ABOVE PHOTO: Heshimu Jaramogi
By Bobbi Booker
Heshimu Jaramogi, the award winning newsman and publisher of The Neighborhood Leader, died peacefully at home on January 14 one month after his diagnosis of colon cancer. He was 67.
The producer, host and anchor boasted a media career that spanned over 35 years, including WPEN AM where he covered city government; WCAU AM, where he worked as a general assignment reporter; and at Clear Channel Communications where he held multiple positions at radio stations WDAS AM and FM, WUSL (Power 99 FM); WJJZ; WURD and WRTI. He also served as a correspondent with American Urban Radio Networks for more than two decades.
His articles and photos appeared in The Philadelphia Tribune, the Philadelphia Daily News, The Philadelphia Inquirer, and the Philadelphia New Observer. He also founded and owned his own media company, Jaramogi Communications, which produced audio, video, social media and print products, including The Neighborhood Leader newspaper.
Long before the term existed, he carved out his own niche as a multimedia journalist while working competitively, yet diplomatically, alongside fellow Philly reporters covering world leaders, change agents and common folk.
A graduate of Northeastern Illinois University, Heshimu always had a finger on the pulse of politics, social justice and the course it ran through the urban communities that he frequented beyond Philadelphia that often included New York City, Chicago, Washington, DC, Detroit and wherever he sought to examine.
He worked as an adjunct professor at Temple University’s Multimedia Urban Reporting Lab, and lectured at many other colleges and universities, including Malcolm X College, Foothill College, Wayne State University and the University of Pennsylvania.
Heshimu also served as a media consultant for AFSCME District Council 47 and worked as a media buyer and advertising producer on the political campaigns of U.S. Sens. Bob Casey and Arlen Specter, Gov. Tom Corbett, Congressman Bob Brady and District Attorney Lynne Abraham.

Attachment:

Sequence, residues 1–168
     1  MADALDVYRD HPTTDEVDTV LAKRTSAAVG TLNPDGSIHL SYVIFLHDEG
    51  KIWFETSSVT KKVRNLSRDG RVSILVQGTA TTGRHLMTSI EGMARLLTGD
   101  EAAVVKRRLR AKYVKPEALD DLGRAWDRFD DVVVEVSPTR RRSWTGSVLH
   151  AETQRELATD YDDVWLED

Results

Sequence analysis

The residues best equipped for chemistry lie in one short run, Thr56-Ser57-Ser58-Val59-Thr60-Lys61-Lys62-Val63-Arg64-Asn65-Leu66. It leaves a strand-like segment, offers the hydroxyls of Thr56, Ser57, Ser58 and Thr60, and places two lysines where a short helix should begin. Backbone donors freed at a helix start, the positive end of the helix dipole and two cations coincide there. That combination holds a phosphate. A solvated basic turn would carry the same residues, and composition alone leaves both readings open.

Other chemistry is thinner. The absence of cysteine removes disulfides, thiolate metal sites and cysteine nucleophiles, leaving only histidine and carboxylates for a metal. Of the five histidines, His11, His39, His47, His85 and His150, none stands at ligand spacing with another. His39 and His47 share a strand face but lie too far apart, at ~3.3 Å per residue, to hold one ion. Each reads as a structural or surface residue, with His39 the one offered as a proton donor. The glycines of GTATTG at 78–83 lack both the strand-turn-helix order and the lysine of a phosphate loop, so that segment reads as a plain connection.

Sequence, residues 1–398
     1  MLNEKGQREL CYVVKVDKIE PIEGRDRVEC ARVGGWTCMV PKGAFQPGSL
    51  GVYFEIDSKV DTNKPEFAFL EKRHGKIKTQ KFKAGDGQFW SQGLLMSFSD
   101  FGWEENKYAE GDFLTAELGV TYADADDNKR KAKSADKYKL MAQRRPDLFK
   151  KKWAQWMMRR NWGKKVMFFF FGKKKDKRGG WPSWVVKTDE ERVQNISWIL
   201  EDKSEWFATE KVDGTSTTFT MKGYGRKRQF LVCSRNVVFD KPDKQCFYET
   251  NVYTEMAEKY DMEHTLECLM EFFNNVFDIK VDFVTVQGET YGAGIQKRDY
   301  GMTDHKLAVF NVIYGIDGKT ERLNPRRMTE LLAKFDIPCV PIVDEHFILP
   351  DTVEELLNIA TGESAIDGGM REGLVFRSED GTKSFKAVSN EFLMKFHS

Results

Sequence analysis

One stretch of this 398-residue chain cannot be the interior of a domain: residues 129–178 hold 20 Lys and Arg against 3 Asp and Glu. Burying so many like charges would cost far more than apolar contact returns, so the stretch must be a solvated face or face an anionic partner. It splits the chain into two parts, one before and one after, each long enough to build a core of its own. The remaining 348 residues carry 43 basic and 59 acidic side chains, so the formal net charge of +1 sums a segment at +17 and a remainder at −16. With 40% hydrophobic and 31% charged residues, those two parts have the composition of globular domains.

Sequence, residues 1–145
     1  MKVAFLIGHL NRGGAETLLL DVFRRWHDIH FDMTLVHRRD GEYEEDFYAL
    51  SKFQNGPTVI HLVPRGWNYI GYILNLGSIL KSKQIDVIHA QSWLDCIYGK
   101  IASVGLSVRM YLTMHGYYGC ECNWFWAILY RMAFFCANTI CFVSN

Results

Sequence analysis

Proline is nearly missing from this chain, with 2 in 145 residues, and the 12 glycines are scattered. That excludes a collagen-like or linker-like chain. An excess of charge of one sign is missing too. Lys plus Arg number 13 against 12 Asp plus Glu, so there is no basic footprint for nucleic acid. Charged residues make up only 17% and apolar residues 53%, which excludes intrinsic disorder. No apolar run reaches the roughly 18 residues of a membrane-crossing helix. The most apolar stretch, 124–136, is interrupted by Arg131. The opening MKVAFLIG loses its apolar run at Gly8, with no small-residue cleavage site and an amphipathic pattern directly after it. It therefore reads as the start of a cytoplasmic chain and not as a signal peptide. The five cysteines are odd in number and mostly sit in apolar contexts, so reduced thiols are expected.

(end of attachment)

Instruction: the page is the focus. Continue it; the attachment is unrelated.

While he eschewed the initial calls into the ministry as a youth, he’d grown to become a spiritual seeker on an unquenchable thirst for self-knowledge. The veteran correspondent embraced the title, “Baba Hesh,” and served as a dedicated modern day griot, merging oral, written and new media story techniques to connect disparate parts of the African Diaspora. His never-ending work as a journalist was done from a place of love and uncompromising commitment to what was right for the community.
As news of his transition spread, social media posts hailed the West Philadelphia native as a local success story. Friends, colleagues and denizens fondly recalled a stylish, professional man with an insatiable drive to learn—to question, explore, and study his culture and faith ceaselessly—topped by a dazzling smile often accompanied by a series of body-quaking chuckles.
Heshimu is preceded in death by his parents, Rosa Braxton Wilson and James H. Wilson, Sr. and is survived by his daughter Asha Jaramogi; son, Anwar Neale-Jaramogi (Laura); one granddaughter, Inas; sister, Tamara Simmons (Daniel); nephews, Marcus and Maurice; niece, Jovoni Simmons; two uncles, Willie Braxton (Geraldine) and Charles Braxton (Portia); two aunts, Ida Chapple and Grace Braxton; partner, Tremain Smith, her children Sarah, Maya and Gus; and a whole host of cousins, family and friends.